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How nature recovers even after humans have done their worst

‘Islands of abandonment’ show how nature recovers even after humans have done their worst, says journalist Cal Flyn

A few years ago, on the recommendation of a local artist, I made a visit to Easdale, a small island off the coast of Argyll. Now a sleepy, rural destination for staycationers, it was once the epicentre of the 19th century slate quarrying industry. Together with her sisters Seil, Luing, Lunga, Shuna, Torsa and Belnahua, Easdale became one of “the islands that roofed the world” – as 400 men gouged at the rock with gunpowder and pickaxes, producing enough slate to fill 10 steamers a week.

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That’s long over, of course. One stormy night in 1881, a freak tide broached the sea walls and flooded the quarries. The roiling waters carried off machinery, boats and most of the pier; the workmen and their families were forced to wait out the disaster on their roofs. Soon afterwards the slate quarries closed for good.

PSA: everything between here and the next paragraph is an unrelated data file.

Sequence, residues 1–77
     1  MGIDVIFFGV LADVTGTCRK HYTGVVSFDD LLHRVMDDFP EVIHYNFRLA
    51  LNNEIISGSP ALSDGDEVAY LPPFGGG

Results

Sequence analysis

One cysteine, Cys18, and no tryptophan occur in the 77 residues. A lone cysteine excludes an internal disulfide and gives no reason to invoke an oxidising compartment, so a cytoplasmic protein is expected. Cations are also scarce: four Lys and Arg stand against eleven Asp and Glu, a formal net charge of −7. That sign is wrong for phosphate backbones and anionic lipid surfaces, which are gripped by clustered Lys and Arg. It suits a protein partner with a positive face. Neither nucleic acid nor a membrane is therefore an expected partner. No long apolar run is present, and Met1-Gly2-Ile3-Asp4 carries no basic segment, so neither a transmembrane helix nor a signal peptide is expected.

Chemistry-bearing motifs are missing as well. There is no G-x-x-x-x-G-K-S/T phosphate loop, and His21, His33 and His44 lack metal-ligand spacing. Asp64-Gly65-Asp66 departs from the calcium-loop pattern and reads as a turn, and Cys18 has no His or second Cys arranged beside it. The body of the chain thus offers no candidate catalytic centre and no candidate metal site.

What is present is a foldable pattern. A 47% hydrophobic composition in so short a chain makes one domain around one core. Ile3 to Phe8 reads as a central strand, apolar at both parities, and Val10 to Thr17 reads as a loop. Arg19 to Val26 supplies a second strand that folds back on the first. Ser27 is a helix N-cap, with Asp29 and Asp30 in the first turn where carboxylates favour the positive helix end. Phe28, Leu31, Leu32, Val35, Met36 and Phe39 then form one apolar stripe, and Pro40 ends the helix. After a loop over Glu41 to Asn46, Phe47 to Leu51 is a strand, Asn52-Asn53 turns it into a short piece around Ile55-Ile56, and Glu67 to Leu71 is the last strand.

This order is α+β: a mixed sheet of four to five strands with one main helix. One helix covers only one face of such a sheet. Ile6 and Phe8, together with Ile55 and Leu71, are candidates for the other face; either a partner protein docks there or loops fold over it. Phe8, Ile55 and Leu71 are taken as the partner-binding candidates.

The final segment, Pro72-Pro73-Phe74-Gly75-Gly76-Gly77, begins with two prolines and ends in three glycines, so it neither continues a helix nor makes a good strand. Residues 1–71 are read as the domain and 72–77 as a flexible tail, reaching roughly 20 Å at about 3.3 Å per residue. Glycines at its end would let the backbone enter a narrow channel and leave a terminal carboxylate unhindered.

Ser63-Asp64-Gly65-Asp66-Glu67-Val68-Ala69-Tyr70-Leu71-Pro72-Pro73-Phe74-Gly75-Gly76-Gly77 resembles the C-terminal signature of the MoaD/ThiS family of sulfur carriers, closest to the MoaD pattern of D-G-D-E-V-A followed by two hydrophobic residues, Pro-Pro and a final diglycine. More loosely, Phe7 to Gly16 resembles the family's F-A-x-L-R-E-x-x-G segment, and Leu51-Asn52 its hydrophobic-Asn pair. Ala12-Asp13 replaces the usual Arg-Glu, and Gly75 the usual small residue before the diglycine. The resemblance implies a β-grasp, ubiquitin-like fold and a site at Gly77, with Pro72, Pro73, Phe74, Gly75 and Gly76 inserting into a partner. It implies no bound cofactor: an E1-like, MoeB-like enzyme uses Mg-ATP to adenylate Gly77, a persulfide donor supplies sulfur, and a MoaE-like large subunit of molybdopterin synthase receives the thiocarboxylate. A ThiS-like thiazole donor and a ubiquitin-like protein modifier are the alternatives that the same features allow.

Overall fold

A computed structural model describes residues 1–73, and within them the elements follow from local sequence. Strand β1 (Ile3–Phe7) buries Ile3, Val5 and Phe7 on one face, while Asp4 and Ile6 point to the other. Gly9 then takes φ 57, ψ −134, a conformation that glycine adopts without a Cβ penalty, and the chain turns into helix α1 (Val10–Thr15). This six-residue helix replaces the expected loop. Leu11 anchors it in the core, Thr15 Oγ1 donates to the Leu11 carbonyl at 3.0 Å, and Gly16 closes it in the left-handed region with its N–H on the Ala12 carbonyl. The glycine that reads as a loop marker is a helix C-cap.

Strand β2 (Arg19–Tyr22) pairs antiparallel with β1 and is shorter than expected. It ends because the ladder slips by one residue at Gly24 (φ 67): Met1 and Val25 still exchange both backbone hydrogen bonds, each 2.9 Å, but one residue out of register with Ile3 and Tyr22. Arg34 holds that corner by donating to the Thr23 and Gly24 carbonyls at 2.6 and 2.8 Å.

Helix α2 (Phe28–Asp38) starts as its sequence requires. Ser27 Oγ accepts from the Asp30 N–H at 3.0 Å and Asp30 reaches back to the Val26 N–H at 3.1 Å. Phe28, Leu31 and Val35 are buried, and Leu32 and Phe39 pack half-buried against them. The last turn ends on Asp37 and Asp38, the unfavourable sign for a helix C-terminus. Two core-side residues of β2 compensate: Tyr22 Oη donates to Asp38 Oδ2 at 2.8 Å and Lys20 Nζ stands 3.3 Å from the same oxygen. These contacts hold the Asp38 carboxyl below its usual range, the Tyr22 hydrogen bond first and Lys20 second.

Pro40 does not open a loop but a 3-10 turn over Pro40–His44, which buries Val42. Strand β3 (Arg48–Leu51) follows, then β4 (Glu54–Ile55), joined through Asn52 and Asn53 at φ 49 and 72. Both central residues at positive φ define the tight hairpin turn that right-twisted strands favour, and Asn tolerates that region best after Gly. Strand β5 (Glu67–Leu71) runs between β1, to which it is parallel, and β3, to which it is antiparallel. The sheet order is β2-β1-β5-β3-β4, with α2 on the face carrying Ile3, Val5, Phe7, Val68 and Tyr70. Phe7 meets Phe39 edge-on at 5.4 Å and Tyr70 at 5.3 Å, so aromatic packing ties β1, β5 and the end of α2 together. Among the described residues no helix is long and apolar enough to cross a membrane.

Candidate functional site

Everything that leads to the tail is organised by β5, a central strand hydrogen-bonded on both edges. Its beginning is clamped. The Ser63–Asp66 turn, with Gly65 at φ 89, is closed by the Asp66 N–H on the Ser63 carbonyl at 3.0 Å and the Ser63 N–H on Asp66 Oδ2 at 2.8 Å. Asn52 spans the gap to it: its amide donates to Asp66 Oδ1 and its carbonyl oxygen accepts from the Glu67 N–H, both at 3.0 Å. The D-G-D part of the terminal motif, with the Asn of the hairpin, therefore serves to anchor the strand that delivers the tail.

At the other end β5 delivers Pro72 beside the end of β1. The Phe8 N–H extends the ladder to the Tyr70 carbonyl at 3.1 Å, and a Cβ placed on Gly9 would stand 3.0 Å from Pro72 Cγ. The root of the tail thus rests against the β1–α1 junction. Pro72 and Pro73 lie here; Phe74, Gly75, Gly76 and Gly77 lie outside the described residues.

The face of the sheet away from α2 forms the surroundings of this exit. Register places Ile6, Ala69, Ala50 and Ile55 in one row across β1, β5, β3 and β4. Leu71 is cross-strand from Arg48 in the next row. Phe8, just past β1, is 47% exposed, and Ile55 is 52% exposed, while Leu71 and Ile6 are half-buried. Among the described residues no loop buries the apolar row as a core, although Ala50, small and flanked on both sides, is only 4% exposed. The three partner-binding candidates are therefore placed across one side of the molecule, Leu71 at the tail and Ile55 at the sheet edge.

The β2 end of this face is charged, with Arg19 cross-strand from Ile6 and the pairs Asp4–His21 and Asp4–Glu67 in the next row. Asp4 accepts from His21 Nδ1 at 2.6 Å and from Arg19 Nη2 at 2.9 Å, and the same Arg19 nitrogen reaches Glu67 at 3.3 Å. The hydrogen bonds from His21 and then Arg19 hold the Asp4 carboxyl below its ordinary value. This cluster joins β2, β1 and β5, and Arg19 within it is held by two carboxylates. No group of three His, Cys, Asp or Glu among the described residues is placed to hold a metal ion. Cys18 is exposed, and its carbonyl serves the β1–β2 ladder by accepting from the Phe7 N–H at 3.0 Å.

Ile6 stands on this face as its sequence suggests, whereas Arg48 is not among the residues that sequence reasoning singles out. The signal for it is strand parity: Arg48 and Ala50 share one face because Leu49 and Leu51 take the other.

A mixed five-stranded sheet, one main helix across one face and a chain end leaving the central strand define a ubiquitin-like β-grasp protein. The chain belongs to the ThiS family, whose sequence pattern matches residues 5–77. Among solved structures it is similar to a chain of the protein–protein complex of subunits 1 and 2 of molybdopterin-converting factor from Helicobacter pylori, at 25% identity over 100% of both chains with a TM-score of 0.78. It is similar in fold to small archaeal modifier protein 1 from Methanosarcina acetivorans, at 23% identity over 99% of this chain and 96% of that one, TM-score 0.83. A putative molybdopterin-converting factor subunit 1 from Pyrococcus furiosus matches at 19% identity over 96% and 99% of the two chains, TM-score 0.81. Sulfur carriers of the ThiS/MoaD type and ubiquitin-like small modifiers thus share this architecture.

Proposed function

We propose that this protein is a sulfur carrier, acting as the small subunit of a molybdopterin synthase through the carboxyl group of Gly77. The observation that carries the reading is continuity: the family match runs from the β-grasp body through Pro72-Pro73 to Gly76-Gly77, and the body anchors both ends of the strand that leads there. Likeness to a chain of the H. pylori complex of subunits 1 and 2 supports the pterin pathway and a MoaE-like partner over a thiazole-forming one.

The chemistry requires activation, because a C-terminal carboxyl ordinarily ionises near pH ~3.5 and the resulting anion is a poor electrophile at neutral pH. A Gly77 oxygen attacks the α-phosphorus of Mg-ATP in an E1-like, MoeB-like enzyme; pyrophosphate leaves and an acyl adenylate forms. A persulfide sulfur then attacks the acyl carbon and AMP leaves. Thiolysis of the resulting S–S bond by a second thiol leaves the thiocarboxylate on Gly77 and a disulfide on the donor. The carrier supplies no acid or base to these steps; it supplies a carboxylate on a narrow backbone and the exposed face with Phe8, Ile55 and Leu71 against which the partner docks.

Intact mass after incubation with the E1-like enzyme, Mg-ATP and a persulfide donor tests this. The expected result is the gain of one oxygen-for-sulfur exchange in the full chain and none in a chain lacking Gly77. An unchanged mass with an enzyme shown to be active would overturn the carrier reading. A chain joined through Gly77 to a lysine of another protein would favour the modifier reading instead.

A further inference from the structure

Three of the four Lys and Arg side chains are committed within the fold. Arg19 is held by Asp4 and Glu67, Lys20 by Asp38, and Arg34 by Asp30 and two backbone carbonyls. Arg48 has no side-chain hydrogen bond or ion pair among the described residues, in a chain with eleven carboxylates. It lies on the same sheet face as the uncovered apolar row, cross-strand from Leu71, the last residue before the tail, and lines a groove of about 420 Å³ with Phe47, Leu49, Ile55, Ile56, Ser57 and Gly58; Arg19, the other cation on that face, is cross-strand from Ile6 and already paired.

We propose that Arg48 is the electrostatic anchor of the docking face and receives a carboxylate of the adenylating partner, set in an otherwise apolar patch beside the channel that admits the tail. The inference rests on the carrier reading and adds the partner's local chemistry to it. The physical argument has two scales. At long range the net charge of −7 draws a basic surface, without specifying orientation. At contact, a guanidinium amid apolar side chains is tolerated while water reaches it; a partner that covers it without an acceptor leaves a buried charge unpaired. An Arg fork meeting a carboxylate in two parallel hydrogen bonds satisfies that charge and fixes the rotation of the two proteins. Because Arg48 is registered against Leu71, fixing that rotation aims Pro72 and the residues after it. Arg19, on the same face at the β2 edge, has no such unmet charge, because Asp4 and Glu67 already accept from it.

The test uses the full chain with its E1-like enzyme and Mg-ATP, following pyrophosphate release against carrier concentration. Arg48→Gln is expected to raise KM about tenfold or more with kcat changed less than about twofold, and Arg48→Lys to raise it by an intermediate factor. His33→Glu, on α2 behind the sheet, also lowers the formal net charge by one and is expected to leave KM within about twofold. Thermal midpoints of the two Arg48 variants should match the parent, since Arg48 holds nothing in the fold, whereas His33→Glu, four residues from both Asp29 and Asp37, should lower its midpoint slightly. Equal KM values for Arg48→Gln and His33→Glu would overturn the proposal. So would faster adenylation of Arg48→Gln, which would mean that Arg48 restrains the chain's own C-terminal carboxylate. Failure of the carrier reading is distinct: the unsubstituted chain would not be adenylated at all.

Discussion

But though the island’s history is interesting enough, the true reason that I travelled to Easdale was that I had heard that this post-industrial landscape was now a site of great natural beauty. No longer raw scars cut into the flesh of the land, the quarries take the form of deep, still, turquoise lagoons, lined by chutes of broken slate, like scree, grown over and through with brambles, hardy grasses and a riot of wildflowers – harebells, montbretia, thrift, goldenrods, spotted orchids. We swam in a small, kidney-shaped pool filled with water of aquamarine, climbed the rocky spine of the island to look out across the water, to the hollowed-out isle of Belnahua – ring-shaped with a single flooded pit at its heart like a coral atoll.